One of my favorite books on the craft of fiction is literary agent Donald Maass’s classic “Writing the Breakout Novel” Maass followed that up with “The Fire in Fiction Passion Purpose and Techniues to Make Your Novel Great” His latest work “Writing 21st Century Fiction High Impact Techniues for Exceptional Storytelling” focuses on what it takes to write high impact fiction in today’s genre driven ageMaass decided to write the book after he noticed commercial genre fiction dominated The New York Times’ best seller list for hardcovers as expected but the trade paperback list featured literary fiction His conclusion was that a new kind of fiction was emerging— and that the best 21st Century fiction combined proven commercial story telling techniues with high impact literary writing that exhibited powerful themes and emotions In an interview on the popular blog Writer Unboxed Maass discussed what the book is about “It’s about the death of genre or accurately the liberation from genre boxes—including the “literary” box It’s about creating fiction that’s powerful free and uniuely your own It’s about how we change the world” Maass saidhttpwriterunboxedcom20121003t One of the most lessons Maass imparts to writers is the need to dig deep into their own emotions to create high impact characters and stories“The characters who resonate most widely today don’t merely reflect our times they reflect ourselves That’s true whether we’re talking about genre fare historicals satire or serious literary stuff” he writes “Revealing human truths means transcending tropes peering into the past with fresh eyes unearthing all that is hidden and moving beyond what is easy and comfortable to write what is hard and even painful to face“Get out of the past Get over trends To write high impact 21st century fiction you must start by becoming highly personal Find your voice yes but than that challenge yourself to be unafraid independent open aware and true to your own heart You must become your most authentic self”Maass urges writers to consider carefully their characters’ inner and outer journeys These journeys are different but inter connected Each chapter ends with a series of uestions and advice specific to character and storyAction and tension are important to sustain the reader’s interest but Maass urges writers to consider impact He writes “Clever twists and turns are only momentarily attention grabbing Relentless forward driving action high tension and cliffhangers do serve to keep readers’ eyeballs on the page but don’t necessarily engage their hearts By the same token a dutifully rendered reality reviewers call such writing “closely observed” may cause readers to catch their breath once in a while but the effect doesn’t last long Not enough is happening and when it does it feels underwhelming How then can commercial novelists construct plots that have true power? How can literary writers conjure events that give their work long lasting effect?“The answer in all cases is to create events of enormous impact If an event is external excavate its inner meaning If a moment is internal push it out the door and make it do something large real permanent and hard to miss Whatever your assignment you won’t find it easy It’s not natural to you since your tendency is to hold back”If you are a novice writer I recommend first reading “Writing the Breakout Novel” before tackling this book If you are an experienced writer I highly recommend this book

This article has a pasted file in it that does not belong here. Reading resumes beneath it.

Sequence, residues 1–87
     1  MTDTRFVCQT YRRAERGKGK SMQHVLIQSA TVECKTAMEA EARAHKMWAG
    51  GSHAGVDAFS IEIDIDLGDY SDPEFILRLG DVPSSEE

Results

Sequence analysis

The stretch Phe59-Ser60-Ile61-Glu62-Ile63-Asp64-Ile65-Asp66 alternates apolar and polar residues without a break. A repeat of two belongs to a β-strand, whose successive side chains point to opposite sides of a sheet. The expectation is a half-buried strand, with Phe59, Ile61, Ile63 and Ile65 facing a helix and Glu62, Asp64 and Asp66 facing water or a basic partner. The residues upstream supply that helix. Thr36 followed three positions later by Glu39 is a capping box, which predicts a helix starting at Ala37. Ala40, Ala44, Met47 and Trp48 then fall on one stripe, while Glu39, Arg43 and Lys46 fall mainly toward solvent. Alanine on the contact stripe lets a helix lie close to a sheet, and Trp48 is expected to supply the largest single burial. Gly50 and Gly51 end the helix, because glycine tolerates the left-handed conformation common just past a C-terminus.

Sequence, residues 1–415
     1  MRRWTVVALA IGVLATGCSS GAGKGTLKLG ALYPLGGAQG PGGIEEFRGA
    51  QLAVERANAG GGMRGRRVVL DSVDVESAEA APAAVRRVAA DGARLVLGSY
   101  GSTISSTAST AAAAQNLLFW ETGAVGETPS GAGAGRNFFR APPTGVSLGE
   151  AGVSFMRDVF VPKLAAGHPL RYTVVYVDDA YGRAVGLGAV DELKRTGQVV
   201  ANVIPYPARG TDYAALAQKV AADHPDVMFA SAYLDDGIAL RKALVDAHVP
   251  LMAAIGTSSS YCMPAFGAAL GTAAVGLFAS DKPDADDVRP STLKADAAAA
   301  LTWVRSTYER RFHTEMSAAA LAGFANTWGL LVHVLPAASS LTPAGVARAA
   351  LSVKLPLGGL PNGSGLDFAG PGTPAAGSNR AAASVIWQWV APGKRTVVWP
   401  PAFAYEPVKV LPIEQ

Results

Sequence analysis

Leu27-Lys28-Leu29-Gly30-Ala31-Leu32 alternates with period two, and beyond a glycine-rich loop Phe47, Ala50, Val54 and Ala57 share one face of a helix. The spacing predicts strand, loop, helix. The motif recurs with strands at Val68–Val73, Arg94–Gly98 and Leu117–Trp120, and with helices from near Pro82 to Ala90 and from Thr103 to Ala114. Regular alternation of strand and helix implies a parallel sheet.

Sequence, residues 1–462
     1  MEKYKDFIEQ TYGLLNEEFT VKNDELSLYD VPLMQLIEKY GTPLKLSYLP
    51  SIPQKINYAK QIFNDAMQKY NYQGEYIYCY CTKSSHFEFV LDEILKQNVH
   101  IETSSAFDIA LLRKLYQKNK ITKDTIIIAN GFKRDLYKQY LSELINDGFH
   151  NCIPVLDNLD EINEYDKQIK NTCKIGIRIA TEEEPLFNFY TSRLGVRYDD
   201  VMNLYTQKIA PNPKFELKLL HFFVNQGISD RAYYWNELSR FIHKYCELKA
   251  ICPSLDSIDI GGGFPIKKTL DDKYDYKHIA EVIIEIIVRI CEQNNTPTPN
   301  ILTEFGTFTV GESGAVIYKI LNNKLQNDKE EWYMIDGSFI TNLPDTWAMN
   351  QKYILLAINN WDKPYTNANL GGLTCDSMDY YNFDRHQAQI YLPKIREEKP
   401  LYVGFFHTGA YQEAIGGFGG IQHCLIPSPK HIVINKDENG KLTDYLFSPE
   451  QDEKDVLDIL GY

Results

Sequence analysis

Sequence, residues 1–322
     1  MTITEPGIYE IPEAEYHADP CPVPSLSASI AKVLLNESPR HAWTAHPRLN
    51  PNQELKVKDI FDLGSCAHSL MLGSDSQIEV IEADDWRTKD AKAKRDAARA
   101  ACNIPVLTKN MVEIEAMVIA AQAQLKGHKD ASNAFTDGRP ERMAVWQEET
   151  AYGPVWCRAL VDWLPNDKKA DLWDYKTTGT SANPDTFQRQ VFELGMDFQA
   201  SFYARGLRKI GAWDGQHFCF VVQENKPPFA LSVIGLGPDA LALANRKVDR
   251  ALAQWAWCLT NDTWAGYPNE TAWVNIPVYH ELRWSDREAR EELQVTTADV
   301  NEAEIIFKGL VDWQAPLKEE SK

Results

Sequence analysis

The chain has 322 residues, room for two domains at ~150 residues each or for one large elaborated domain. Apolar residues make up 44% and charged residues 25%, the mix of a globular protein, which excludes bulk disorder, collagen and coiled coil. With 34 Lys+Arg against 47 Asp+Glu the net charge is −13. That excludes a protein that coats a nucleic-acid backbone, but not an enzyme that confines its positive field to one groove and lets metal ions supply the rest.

6. says: